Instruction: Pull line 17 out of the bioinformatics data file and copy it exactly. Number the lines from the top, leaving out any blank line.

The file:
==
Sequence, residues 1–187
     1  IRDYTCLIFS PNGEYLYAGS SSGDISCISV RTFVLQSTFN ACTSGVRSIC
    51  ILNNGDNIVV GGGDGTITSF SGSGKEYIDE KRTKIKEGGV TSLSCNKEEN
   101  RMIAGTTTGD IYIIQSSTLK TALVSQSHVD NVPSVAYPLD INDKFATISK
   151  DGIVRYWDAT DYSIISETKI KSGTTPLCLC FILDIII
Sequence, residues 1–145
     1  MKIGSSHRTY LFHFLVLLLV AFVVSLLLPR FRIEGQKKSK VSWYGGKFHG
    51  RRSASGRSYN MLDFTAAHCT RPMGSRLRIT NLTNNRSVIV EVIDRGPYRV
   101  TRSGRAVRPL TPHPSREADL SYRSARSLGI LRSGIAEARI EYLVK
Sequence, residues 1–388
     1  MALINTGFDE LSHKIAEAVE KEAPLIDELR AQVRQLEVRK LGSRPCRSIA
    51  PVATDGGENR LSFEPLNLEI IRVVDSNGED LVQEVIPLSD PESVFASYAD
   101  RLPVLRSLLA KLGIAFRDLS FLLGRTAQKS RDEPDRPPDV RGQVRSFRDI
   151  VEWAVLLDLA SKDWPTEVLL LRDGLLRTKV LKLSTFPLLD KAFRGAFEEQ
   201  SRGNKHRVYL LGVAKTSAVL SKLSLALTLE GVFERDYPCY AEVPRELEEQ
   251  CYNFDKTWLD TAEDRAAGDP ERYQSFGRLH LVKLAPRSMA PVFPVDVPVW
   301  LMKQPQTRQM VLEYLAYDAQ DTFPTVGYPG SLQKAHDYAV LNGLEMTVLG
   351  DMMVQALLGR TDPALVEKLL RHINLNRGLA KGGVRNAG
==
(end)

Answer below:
   301  LMKQPQTRQM VLEYLAYDAQ DTFPTVGYPG SLQKAHDYAV LNGLEMTVLG